Let me get this out of the way: Sympathy is one of the best records of 2011. In my year-end list, it would surely make the top 10. It’s been criticized for lackluster instrumentation and vocals, but it works for me. When I first listened to the album, I was floored. Every single song is a gem, the instrumentation is full (as this is a six-piece band), and there is absolutely nothing pretentious or dishonest about their brand of melodic indie-rock. Besides, the simplicity is where the beauty lies.
They’re making waves with self-made videos on YouTube, but the general public hasn’t caught on, which is a shame as I believe these guys (and girl) could really be on the way for large indie or major label success. Scattered Trees can switch from the lachrymose to jaunty pop on a dime. The songwriting is masterful. But let me stop this fanboy gushing and get to some of the songs. My personal favorite is “Four Days Straight”, starting with a brokenhearted four-chord progression and segueing seamlessly into a tambourine-shaking pop chorus. In my book, it is perfect songcraft, with every segment as mellifluous as the next. “On Your Side” is another perfect 10, with acoustic guitars and synths providing something sadder than sad, something that will pierce your heart and put you in a place of melancholic dolor that you will oddly enough not want to leave.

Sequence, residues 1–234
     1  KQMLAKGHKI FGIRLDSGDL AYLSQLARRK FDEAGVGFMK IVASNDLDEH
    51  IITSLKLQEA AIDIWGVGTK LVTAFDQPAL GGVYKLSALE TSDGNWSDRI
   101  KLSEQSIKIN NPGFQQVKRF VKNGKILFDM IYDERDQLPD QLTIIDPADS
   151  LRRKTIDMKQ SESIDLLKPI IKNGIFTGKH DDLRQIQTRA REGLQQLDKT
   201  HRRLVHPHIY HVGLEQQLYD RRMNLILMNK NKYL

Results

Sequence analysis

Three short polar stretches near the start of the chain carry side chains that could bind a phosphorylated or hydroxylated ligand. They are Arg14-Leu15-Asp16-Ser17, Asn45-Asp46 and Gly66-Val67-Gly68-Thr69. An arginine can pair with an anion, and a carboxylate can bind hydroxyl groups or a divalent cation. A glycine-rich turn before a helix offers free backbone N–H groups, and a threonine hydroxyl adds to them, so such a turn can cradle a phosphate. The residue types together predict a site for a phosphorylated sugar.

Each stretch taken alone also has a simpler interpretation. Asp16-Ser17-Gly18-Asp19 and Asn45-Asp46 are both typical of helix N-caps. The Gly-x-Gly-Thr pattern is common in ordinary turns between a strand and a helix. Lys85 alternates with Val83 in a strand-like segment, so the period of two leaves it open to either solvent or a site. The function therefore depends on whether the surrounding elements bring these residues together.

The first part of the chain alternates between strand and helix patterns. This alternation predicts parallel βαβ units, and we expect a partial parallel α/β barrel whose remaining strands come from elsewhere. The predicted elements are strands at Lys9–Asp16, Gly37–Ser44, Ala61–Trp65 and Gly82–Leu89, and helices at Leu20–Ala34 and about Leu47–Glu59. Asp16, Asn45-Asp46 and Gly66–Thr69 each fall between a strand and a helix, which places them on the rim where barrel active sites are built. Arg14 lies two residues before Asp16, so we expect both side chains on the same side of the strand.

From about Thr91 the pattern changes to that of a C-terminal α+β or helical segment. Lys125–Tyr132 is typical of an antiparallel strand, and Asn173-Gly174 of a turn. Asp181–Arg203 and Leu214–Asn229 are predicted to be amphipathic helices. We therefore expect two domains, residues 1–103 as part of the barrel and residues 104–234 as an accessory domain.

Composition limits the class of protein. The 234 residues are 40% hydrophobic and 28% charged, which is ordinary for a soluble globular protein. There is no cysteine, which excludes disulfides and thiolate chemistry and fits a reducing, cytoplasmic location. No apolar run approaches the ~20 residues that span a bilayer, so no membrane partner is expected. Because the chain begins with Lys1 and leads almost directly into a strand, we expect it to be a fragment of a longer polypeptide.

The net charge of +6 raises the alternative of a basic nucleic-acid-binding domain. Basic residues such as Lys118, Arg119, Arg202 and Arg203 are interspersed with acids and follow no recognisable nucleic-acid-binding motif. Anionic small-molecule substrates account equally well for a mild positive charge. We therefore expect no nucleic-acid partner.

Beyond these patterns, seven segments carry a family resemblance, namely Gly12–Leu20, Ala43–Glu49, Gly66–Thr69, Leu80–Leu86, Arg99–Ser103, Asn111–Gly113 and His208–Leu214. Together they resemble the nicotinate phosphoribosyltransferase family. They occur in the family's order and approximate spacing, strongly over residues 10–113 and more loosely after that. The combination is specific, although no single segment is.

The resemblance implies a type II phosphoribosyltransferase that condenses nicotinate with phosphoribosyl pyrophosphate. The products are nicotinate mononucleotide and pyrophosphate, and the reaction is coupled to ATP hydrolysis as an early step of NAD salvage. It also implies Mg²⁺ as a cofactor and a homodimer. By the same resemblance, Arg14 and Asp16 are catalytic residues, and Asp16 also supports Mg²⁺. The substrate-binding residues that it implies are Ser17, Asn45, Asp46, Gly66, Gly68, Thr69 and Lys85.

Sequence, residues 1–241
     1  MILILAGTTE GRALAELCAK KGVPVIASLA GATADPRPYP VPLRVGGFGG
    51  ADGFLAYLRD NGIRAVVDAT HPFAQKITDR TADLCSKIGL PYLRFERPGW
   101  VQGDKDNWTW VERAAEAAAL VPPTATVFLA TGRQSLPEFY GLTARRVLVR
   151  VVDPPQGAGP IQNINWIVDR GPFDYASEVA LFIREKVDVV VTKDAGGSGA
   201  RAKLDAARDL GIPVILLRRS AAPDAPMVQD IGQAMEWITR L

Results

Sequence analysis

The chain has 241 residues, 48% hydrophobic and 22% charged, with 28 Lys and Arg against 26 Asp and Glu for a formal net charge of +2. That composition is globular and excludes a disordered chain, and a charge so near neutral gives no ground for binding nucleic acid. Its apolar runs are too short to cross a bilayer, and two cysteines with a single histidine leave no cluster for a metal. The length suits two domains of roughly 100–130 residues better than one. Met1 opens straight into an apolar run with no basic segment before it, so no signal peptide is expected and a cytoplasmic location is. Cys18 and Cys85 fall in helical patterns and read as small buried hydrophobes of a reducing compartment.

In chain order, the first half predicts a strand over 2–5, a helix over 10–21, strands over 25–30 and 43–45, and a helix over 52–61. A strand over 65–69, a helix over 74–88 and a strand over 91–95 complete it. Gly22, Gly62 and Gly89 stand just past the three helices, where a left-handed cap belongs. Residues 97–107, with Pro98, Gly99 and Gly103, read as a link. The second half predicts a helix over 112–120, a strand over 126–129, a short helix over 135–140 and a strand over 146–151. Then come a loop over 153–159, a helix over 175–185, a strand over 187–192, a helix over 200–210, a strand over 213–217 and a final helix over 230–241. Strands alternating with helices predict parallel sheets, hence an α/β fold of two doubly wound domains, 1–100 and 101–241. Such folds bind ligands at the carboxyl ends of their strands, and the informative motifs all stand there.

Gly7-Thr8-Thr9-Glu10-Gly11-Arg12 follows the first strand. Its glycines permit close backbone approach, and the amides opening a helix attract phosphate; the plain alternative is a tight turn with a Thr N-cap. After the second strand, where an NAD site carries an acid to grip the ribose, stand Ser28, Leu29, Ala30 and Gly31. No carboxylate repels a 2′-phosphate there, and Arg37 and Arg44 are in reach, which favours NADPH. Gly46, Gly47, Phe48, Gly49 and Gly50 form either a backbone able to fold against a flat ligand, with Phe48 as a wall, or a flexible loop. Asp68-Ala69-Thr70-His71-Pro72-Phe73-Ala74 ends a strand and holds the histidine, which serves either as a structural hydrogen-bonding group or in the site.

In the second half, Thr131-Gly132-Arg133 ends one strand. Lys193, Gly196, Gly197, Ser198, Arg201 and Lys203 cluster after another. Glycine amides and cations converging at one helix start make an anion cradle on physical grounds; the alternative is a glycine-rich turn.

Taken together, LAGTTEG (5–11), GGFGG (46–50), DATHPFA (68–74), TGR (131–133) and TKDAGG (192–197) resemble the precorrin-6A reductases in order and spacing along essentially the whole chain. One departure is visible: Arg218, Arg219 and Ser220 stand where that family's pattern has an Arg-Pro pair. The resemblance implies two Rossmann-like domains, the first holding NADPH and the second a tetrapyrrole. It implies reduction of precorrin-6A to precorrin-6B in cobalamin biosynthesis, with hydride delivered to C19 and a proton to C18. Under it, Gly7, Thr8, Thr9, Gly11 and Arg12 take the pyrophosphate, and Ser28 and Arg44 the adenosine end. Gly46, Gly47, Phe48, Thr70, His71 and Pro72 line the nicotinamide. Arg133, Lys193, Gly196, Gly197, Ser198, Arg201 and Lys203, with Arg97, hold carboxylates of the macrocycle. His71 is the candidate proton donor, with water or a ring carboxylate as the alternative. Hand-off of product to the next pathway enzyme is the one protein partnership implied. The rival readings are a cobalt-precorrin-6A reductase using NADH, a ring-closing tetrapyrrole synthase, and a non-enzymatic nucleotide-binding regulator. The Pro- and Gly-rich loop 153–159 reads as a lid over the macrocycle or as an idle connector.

“Love and Leave” provides more expert, yet simple, melodies, coming across as a more organic Grandaddy. The title track showcases unique instrumentation (lackluster, people?) and recalls Death Cab For Cutie in the days of Transatlanticism. “Where You Come From” is dark folk in an echo chamber with, yet again, a striking sense of melody. I drop these comparisons so you have an idea of the type of sound you’re getting into. Scattered Trees, without a doubt, have their own sound, one that will become instantly recognizable, as I see great things coming for this Chicago sextet.
// Sound Affects
"The man whose songs were recorded by Johnny Cash, Alan Jackson, Ricky Skaggs, David Allan Coe, The Highwaymen, and countless others succumbs to time’s cruel cue that the only token of permanence we have to offer are the effects of shared moments and memories.READ the article